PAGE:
By Paul Hannon


The Bank of England raised its key interest rate Thursday for a 10th straight policy meeting, but signaled it may soon pause that series as the annual rate of inflation falls and the economy falters.

The U.K.'s central bank raised its Bank rate to 4% from 3.5%.

The BOE's move follows the Federal Reserve's Wednesday decision to raise its key rate by a quarter of a percentage point, a step down from its half-point rise in December

The Fed signaled it was on track to do so again at its meeting next month while officials consider whether and when to pause increases late this spring.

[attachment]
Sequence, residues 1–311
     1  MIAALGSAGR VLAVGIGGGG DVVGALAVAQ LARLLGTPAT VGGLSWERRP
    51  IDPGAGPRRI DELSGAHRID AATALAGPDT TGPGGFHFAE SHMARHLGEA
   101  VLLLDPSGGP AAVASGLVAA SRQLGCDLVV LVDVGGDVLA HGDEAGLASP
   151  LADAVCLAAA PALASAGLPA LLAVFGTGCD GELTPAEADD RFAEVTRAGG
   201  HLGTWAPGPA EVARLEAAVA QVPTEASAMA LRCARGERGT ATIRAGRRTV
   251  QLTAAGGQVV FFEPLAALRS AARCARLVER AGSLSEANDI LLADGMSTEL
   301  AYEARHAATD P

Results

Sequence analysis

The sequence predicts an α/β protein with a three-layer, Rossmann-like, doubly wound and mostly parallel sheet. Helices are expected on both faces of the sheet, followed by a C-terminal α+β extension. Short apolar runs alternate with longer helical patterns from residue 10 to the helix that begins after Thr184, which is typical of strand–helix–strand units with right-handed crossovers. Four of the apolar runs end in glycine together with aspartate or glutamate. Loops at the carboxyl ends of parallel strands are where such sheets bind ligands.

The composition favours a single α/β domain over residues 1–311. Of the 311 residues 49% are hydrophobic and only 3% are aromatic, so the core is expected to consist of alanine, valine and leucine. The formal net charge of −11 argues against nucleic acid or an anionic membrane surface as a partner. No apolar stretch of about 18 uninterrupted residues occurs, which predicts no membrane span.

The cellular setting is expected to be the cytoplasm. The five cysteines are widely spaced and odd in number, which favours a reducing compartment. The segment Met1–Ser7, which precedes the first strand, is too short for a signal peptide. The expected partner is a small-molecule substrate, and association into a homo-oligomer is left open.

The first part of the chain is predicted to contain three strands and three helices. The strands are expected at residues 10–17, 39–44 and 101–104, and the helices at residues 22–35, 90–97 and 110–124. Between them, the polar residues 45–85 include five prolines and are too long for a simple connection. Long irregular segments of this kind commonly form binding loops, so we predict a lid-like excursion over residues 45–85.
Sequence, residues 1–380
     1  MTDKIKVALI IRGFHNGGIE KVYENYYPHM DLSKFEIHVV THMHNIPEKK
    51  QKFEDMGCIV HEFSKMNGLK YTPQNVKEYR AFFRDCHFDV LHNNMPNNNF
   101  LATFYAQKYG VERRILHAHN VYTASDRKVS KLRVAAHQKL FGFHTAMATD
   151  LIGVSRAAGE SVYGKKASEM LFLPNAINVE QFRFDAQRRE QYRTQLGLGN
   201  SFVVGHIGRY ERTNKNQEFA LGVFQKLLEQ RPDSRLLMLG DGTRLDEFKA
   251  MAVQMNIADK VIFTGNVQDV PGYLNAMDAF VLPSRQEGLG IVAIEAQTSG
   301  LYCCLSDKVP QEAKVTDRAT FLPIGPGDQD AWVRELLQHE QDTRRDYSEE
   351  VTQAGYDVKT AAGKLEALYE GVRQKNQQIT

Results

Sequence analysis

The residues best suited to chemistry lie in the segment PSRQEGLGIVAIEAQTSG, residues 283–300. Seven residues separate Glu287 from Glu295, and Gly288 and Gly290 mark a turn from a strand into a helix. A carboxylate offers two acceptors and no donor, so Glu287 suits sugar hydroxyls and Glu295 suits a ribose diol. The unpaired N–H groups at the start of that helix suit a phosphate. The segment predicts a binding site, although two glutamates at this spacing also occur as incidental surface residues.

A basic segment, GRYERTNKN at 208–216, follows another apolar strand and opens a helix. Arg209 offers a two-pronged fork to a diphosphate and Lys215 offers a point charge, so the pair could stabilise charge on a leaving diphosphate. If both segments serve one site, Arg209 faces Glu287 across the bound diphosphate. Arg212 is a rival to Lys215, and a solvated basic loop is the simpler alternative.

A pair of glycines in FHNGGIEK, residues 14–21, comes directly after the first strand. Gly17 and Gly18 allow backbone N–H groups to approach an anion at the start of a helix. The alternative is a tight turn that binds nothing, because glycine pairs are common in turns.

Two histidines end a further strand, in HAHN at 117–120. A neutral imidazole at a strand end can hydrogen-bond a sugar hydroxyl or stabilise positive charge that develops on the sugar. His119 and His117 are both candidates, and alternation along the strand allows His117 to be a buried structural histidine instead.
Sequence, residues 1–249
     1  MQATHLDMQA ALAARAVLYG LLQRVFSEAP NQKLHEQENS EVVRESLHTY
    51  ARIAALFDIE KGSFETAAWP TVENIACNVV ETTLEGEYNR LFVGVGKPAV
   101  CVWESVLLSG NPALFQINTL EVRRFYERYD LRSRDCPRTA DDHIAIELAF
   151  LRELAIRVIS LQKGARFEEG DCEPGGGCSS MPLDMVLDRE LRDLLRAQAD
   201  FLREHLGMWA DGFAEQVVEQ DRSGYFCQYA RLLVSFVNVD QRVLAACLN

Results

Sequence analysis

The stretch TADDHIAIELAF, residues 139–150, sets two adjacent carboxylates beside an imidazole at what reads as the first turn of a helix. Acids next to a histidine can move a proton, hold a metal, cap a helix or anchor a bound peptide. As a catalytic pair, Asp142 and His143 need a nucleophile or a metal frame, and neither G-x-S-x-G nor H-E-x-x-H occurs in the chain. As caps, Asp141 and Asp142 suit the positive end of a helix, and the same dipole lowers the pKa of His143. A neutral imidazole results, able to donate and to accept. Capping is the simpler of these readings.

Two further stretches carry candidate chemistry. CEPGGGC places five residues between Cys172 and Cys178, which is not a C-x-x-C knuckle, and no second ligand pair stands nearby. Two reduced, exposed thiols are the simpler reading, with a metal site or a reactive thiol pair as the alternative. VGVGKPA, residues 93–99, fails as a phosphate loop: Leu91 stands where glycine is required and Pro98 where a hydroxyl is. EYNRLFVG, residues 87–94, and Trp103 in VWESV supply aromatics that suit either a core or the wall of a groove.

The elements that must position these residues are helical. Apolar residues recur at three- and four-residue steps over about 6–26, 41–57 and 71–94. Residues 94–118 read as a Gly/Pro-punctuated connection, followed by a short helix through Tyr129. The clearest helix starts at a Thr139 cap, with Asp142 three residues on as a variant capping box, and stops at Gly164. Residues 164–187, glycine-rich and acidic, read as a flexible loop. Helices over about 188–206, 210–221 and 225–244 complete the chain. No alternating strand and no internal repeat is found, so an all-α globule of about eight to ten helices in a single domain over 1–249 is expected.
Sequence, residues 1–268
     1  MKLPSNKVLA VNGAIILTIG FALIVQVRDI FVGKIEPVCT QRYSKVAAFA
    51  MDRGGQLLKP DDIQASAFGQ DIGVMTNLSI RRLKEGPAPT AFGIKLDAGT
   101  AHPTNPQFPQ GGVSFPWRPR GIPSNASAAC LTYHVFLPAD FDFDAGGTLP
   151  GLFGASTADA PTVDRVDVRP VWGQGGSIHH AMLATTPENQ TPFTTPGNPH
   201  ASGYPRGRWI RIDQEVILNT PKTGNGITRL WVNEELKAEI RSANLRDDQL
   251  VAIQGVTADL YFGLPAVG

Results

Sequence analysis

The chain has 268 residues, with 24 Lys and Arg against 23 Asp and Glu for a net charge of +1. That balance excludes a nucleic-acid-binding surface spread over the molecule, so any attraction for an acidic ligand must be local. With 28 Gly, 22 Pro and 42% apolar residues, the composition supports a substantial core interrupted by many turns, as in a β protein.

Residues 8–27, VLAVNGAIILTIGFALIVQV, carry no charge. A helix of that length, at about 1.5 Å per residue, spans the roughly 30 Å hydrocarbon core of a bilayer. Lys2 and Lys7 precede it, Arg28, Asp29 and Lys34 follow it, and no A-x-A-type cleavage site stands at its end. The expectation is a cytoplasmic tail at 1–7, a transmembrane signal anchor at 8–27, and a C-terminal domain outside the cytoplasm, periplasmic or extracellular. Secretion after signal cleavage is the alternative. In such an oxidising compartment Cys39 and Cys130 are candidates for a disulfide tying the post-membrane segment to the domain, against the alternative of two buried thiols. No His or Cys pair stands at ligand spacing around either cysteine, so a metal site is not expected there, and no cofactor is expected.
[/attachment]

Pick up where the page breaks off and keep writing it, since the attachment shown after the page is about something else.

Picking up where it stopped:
In contrast, the European Central Bank is expected to match the BOE in repeating the half-point rise it announced in December when its latest policy decision is published later Thursday.

The BOE said further rate rises are possible, but only if inflation threatens to be high for longer than it currently expects it to be. The central bank had previously set a lower bar for further rate rises, but also warned that there was a "large" risk that a tight jobs market and big pay rises would keep inflation higher for longer than it anticipates.

"If there were to be evidence of more persistent pressures, then further tightening would be required," the BOE said.

The central bank dropped its previously stated commitment to respond "forcefully" to "more persistent inflationary pressures," an indication that its next move is unlikely to be larger than a quarter-point.


Write to Paul Hannon at


(END) Dow Jones Newswires

February 02, 2023 07:19 ET (12:19 GMT)

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